Pulling it all together

Climate change can influence, and react with, a range of macro variables. Within Australia it can be a driver of internal migration and production patterns, and interact with demographic and behavioural trends with implications for future health care and community services needs. Australia will also be influenced by overseas climate impacts and their effect on commodity prices, trade volumes and socio–economic factors, including pressures for disaster relief and migration. The common thread in stakeholder discussions across all capital cities was a desire to build on existing effort and for strong national leadership on climate change adaptation. This was expressed by senior representatives of industry, non– government organizations, the science community as well as by State and Local Government. National leadership was seen as important in four ways: • to confirm at the most senior level that careful thought should be given by governments at all levels, the private sector and communities to managing climate risk; to improve understanding of the current status of climate science, and provide a framework within which the necessarily collaborative and multi–disciplinary effort required to advance it can be structured; to coordinate reviews and development of strategies for identifying and managing risk in vulnerable sectors and regions with the aim of gaining economies, sharing learning and developing synergies; and to provide decision support tools that could assist local government, the private sector and households to integrate climate risks into key decisions.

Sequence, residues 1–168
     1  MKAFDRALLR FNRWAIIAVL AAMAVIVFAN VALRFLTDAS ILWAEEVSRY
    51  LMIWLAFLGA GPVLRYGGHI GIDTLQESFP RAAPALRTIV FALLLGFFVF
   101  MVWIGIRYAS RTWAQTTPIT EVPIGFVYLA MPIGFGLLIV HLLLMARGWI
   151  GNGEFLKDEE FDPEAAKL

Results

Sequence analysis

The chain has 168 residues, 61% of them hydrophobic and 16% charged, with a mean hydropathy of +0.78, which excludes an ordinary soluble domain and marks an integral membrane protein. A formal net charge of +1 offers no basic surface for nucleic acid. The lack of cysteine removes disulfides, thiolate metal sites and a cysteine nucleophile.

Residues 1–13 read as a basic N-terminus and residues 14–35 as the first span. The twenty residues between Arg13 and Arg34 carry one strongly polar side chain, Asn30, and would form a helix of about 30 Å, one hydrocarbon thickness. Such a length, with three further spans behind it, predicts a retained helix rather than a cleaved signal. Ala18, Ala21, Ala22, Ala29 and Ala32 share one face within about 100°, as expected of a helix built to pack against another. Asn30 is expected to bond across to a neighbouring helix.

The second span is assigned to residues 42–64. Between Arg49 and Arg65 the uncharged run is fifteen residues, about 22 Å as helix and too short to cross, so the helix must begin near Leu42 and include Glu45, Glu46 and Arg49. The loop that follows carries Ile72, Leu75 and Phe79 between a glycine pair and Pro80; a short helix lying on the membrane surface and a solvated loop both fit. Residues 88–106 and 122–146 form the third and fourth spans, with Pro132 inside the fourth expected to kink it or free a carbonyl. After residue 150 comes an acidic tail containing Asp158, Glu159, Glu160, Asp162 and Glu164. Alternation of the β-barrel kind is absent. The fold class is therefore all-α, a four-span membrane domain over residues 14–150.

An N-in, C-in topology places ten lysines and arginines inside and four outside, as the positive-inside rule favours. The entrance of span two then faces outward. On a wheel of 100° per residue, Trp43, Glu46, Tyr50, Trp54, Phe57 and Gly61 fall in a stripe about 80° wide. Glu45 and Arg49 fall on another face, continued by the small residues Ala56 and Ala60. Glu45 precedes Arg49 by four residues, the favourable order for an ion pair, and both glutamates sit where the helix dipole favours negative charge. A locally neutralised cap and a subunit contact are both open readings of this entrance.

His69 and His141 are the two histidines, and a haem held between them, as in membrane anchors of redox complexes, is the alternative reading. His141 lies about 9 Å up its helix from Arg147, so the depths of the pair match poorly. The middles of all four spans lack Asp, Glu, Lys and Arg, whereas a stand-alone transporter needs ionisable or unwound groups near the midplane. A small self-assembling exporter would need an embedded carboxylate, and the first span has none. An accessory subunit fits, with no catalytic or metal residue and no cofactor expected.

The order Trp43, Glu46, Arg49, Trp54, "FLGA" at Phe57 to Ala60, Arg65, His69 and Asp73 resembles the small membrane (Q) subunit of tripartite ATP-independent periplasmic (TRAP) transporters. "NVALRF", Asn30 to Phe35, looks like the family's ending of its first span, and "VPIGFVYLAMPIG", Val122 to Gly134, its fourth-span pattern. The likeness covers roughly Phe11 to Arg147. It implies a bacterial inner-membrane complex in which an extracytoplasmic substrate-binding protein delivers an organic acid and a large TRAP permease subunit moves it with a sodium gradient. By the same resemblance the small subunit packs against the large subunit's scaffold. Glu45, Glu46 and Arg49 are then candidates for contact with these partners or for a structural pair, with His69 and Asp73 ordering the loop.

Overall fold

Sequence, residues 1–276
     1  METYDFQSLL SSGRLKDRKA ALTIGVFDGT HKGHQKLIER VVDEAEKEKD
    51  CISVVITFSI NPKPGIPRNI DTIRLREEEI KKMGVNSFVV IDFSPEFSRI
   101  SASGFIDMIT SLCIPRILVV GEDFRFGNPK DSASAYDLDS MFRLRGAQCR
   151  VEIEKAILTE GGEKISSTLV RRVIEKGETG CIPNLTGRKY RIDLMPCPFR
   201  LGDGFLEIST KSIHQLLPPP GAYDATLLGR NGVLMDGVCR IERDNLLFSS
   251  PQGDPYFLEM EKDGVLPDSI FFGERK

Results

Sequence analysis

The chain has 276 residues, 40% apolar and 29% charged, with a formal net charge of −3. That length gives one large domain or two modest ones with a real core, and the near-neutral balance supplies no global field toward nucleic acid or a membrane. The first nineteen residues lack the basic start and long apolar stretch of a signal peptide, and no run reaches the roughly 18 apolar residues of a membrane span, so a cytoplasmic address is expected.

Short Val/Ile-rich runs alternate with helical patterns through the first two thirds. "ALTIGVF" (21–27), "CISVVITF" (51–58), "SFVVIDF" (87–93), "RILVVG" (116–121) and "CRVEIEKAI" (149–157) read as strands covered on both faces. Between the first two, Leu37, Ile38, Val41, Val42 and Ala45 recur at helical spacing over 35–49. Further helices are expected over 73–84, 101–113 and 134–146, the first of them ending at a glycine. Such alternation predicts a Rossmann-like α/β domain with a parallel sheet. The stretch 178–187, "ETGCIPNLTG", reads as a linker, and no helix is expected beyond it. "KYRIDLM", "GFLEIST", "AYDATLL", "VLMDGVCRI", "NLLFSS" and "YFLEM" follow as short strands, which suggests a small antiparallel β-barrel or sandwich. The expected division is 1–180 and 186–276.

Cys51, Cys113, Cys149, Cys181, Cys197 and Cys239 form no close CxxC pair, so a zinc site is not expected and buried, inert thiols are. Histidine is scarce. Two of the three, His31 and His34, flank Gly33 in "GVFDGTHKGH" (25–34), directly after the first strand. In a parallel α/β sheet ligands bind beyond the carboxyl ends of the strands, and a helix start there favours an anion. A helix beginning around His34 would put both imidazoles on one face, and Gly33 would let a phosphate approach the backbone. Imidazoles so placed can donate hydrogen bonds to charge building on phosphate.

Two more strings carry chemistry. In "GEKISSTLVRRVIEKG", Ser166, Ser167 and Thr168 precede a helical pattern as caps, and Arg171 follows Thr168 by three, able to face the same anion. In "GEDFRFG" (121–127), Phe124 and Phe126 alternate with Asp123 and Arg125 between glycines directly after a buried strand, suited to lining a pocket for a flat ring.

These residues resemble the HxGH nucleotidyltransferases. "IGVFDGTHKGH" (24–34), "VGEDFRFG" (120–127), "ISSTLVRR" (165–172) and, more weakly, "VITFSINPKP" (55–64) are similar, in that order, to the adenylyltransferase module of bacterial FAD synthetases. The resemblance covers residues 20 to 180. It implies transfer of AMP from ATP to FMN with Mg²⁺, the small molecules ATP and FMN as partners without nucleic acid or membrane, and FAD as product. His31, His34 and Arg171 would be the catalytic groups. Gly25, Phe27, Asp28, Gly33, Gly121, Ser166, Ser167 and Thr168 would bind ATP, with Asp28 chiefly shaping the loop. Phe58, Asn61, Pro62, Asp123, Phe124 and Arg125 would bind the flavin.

Australian Government–State partnership

Much of the implementation of any adaptation strategy would inevitably be the responsibility of the state, territory and local governments reflecting their key roles in public infrastructure, safety, health and land use planning and control. Key adaptation issues span virtually all portfolios and governments. Building on existing effort to integrate planning and management for climate change will be important.
Climate science for adaptation

Climate science to underpin adaptation has three principal streams: • progressive development of climate models and associated infrastructure to provide regional––scale information, based on progressively enhanced global monitoring systems; more sophisticated modelling of global emissions scenarios allowing for feedback loops with climate systems and probabilistic assessments as an aid to adaptation planning; and multi–disciplinary approaches to linking climate models to spatial models of terrestrial systems (hydrology, biodiversity, crop productivity, disease vector spread) and testing sensitivity thresholds of vulnerable human and natural systems.